In retrospect, I never did face my demons on race day. In fact, because of the training support, crew support, and experienced pacer/guide support, I can honestly assert that I was not disabled by my blindness by this race. If anything, I had the advantage of having an experienced team from the start when most ultra runners only get this sort of support beginning at mile 50.
I expected a time in the race where I could no longer eat or drink, so I was extremely disciplined in managing my nutrition, water, Vespa, and salt intake. At mile 62, I told crew team member Diane Forest that I was waiting for my stomach to shut down, and she told me that it would probably not happen if it hadn’t happened by then. I continued with no difficulty throughout the race.
The most challenging part of the race was the seventh loop. It was dark, late in the race, and sleep fatigue caused me to drift, but my last guide, Frankie, either reined-in my hand-held tether to keep me from running off the trails to the left or used her body as a bumper on my right. The sound of people retching echoed through the trees and passing walking zombies through the hills made me very thankful that I was fairing so well. One of my good friends, Jenny, later shared that she had hallucinated soft couches alongside the trail and insisted to her pacer that would be a good place to take a nap.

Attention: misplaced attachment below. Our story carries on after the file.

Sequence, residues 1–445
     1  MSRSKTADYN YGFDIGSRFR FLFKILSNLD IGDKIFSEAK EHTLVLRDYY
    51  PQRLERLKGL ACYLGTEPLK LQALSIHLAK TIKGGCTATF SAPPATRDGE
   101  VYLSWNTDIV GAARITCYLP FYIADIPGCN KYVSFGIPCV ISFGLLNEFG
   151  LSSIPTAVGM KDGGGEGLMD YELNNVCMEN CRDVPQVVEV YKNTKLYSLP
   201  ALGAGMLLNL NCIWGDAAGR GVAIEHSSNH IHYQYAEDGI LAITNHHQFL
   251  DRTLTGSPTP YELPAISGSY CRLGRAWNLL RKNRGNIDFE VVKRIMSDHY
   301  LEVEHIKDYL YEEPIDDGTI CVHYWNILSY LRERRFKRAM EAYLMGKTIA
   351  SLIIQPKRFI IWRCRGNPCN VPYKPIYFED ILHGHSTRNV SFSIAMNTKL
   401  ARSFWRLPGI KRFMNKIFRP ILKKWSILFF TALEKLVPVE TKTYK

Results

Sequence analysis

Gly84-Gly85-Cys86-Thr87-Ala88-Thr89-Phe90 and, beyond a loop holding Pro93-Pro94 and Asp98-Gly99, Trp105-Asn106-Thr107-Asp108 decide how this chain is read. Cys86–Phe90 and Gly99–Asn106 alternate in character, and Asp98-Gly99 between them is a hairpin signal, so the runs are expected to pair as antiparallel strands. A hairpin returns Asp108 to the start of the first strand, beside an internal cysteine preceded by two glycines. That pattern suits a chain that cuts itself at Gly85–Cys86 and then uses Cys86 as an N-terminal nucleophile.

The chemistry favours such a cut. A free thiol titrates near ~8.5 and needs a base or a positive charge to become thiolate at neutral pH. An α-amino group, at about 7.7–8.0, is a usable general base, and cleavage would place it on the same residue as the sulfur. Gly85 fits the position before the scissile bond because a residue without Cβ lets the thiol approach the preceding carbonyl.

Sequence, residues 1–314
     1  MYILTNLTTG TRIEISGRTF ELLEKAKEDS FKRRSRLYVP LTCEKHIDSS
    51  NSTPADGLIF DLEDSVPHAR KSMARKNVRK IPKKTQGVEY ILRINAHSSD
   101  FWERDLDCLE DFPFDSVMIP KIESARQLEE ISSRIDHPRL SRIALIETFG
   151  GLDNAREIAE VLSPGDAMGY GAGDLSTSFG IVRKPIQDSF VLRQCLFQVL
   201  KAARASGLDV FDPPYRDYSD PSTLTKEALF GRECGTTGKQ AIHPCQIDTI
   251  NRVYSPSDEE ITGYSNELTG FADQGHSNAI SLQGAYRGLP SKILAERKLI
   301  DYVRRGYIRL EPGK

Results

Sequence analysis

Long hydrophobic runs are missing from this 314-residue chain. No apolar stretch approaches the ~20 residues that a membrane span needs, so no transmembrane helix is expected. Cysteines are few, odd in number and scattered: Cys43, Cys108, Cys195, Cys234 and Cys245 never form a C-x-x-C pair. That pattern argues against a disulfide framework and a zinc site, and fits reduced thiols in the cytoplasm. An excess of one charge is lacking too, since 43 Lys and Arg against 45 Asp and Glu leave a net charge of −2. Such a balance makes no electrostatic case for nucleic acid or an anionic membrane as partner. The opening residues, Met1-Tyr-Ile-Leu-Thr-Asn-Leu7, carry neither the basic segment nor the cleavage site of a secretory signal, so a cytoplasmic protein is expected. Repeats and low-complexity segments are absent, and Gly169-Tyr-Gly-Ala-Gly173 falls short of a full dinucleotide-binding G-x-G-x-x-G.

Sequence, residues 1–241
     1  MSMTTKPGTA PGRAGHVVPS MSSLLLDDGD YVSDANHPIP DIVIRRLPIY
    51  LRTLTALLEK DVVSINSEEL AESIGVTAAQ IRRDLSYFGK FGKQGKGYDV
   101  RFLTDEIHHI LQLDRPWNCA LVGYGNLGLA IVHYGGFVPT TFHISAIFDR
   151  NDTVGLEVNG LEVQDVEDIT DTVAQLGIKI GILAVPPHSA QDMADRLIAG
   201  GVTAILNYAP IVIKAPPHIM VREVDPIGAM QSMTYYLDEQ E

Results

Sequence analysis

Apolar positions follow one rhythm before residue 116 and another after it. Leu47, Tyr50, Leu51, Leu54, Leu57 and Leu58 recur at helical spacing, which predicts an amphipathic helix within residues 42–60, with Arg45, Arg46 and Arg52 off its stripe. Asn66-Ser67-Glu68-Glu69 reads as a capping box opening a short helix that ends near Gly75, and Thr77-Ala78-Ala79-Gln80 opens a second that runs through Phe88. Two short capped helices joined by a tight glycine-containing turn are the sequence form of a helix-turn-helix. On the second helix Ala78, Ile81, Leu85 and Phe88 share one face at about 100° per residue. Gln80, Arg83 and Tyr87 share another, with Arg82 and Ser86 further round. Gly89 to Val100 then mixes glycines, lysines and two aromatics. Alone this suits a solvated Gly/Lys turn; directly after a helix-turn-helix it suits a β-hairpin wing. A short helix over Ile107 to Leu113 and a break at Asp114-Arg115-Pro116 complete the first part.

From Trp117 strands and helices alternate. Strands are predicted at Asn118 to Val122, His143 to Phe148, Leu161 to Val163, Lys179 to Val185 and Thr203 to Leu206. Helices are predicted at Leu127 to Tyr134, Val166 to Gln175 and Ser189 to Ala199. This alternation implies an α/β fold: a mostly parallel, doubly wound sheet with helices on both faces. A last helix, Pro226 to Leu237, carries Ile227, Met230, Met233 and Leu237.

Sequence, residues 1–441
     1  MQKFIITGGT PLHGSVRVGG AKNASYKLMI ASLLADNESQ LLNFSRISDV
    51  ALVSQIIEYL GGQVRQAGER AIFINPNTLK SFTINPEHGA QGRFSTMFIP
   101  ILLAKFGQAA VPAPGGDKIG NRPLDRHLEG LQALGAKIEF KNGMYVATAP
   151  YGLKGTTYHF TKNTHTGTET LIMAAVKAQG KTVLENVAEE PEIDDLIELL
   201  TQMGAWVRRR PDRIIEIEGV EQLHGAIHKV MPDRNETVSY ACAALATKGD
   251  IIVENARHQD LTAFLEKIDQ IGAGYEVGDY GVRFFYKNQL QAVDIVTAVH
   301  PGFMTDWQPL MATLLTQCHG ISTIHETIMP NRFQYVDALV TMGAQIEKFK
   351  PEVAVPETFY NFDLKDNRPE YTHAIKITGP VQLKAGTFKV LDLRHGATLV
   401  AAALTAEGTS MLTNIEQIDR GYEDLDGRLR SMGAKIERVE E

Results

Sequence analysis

Frankie expertly gave me orders of when to run and when to walk during the last 12 miles. Strangely enough, fatigue had left me entirely and the soreness in my quads had disappeared. Frankie became increasingly excited for me as we knocked down the remaining miles. In an almost rude fashion, I told her that I was there to cross the finish line and that I was not going to celebrate anything until the job was done. She did insist on a mini-celebration when we passed the 90-mile mark, so I succumbed with a restrained but enthusiastic “woo hoo!” I knew that I would start choking up if I started telling Frankie how thankful I was for her and everything she had done for me. There would be time to celebrate when I was finished.
When we crossed the finish line in 24:29:47, I caught Frankie off guard by celebrating in unrestrained fashion as I received my first 100-mile belt buckle! Yes, Frankie, perfect was just fine!
I could not have started this adventure without the support of so many people, both named and unnamed in this race report. I learned that I am stronger than I think I am and that my body can go further than I thought. I have great respect for the distance and a healthy fear of the challenge was the fuel I needed to make it to the start line and to cross the finish line. I’m also thankful to God for opening up the doors He has opened to allow endurance sports to be a platform for me to impact the lives of others.
If you would like to serve as the eyes to a blind runner in your community, please create an account on United in Stride, an online database that unites sighted guides and blind runners across North America.